Life of Brian

“The funniest film of all time. British comedy reached its zenith when the Pythons created this ball-bustingly brilliant religious satire about Brian Cohen, who was unfortunate enough to be born on the same day and next door to Jesus Christ and is subsequently mistaken for the Messiah!

Unsurpassed since 1979, there’s not an unfunny moment in the whole film. God bless George Harrison for putting up the money to make it.

Brian is at his wits’ end, chased by a mob convinced he is the Messiah.
Mob Leader: ‘HAIL MESSIAH’
Brian: ‘I’m not the Messiah’
Mob Leader: ‘I say you are Lord, I should know I’ve followed a few’
Brian: ‘Please listen I’m NOT the Messiah...Honestly’
Woman: ‘Only the true Messiah denies his divinity’
Brian: ‘WHAT! Oh Alright I am the messiah’
Brian: ‘Now FUCK OFF’
Mob Leader:How shall we fuck off O Lord?’

This genius comedy stands the ‘laugh-out-loud’ test of time. Who can’t laugh at the mention of the Bigus Dickus scene, the ‘Welease Wodger’ scene, ‘He’s not the Messiah, he’s a very naughty boy’ scene, the ‘We’re the fucking Judean People’s Front’ scene, the ‘Blessed are the Cheese makers’ scene, ‘What have the Romans ever done for us’ scene and finally the most cheerfully upbeat crucifixion ever filmed.

Altogether now... ‘Always look on the bright side of life...whistle, whistle, whistle...’"

Translating The Simpsons

April 11, 2014 / Features

By Alex Reeves

French animation legend Sylvain Chomet tells the story of his unexpected guest spot on The Simpsons.

A few weeks ago, two sides of the animation diaspora collided in an unexpected way – a couch gag for mainstream staple The Simpsons directed by French art-house animation director Sylvain Chomet. A beautiful example of 2D animation, the introduction to the hit sitcom has been causing a stir online ever since it hit screens and brought an unfamiliar aesthetic to the beloved cartoon.

Now the production company behind the film, Th1ng, have made a behind-the-scenes video revealing the painstaking process behind it. Given the popularity of John Lewis’ 2D adventures at Christmas last year, it seems the craft of hand animation still hold the mystique it always did.

We asked Sylvain how this strange marriage between him and the famous yellow family came about.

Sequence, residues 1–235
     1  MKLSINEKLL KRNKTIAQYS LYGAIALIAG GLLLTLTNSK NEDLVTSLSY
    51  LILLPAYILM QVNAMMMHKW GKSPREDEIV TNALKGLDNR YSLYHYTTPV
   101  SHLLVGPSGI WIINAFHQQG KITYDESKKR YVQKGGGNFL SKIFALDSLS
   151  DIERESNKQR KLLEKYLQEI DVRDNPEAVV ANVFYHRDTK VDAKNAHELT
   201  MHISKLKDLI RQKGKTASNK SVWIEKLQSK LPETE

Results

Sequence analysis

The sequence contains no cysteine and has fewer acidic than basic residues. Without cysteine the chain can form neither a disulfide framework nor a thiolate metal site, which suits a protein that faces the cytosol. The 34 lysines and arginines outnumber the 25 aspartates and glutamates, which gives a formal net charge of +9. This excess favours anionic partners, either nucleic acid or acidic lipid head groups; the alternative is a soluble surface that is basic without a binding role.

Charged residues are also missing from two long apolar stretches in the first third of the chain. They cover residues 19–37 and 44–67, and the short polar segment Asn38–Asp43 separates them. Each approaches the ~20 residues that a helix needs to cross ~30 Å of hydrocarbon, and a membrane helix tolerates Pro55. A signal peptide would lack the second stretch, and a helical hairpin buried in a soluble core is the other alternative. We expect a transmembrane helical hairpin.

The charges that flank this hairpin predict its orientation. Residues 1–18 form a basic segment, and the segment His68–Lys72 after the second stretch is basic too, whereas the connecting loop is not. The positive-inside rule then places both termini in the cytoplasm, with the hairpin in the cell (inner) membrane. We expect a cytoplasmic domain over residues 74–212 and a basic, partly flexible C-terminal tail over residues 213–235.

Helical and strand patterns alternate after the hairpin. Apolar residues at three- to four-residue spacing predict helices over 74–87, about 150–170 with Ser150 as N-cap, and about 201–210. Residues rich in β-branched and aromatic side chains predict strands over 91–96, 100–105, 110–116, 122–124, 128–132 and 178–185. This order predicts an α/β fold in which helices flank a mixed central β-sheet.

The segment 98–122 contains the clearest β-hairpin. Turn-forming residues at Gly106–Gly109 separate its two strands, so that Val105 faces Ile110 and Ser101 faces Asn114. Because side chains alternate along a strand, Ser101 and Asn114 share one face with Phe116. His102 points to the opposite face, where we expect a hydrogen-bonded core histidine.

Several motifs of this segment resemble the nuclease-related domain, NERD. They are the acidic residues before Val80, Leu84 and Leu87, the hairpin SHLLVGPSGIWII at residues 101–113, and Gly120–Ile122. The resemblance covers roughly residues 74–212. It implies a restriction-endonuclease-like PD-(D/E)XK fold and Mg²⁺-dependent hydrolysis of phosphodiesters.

Sylvain’s relationship with The Simpsons has a long history. “I knew The Simpsons since the beginning,” he says. “Matt Groening and I came up the same way, from short film.” While Sylvain was taking his short film The Old Lady and the Pigeon around the world on the festival circuit, Matt was doing the same with his earliest incarnation of The Simpsons – a prototype vastly different from the family we know and love today.

The Frenchman notes that his career and that of the The Simpsons’ creator have followed a similar trajectory, from authored short film, through to TV and film. Although it’s fair to say Matt’s success has been a little more mass-market than Sylvain’s.

While he was working on his 2010 feature film The Illusionist at a studio in Scotland, Sylvain met Harry Shearer, the voice of Mr Burns, among many other characters in the show. Harry said he was a huge fan of The Triplets of Belleville and asked what his next film is.

It could be coincidence, but Sylvain next returned to France to receive a surprise from his yellow American friends. “Someone asked me how it feels to be in The Simpsons,” he recalls. “I said ‘what are you talking about?’” It turns out The Simpsons had made a spoof of the French animator’s most recognisable work – The Triplets of Belleville – they called it The Brothers of Beauville. Sylvain was very flattered. It was quite funny, he thought.

Recently he got the chance to return the homage The Simpsons had given him when the team called him asking if he’d like to direct a special couch gag for the beginning of an episode. They’d been doing this for a few years with other famous artists and directors including Banksy, Guillermo del Torro and Bill Plympton so it was an honour to be asked.

Of course he agreed. While it wasn’t a commercial project, Sylvain wanted to produce it through Th1ng. He contacted Executive Producer Dominic Buttimore, who he’s worked with for over 25 years, to ask for his collaboration. “It was going to be our 50th birthday,” he says, “so as a nice present to him, we were going to do The Simpsons.”

“We set up a call,” says Dominic. “I went over to where Sylvain lives in the Ardèche in France. Sylvain spent the weekend thinking up an idea and then we had a call to chat with [Executive Series Producer] Al Jean.”

Sylvain asked what they wanted for the couch gag. ‘Do whatever you want’ came the reply. It was very freeing, admits the director, but also very scary. Having worked in commercials, having a Client tell him something like this was a shock.

The idea flowed easily. Confident that they chose him for his unique style, Sylvain took a straightforward approach. “I’m French, I’m in France. I’m going to do the French version of The Simpsons in my style,” he decided.

Acknowledging that The Simpsons is built upon caricatures and stereotypes, Sylvain overloaded his couch scene with French clichés – snails, an accordion, froi gras. An official portrait of French president Francois Hollande hangs on the wall, as does a picture of a different boat to the familiar picture – a sinking SS France. “There are a lot of little messages like that,” says Sylvain, “because it’s not going very well in France and everybody is depressed. So I said ‘let’s have fun with that’ to show we still have a sense of humour.”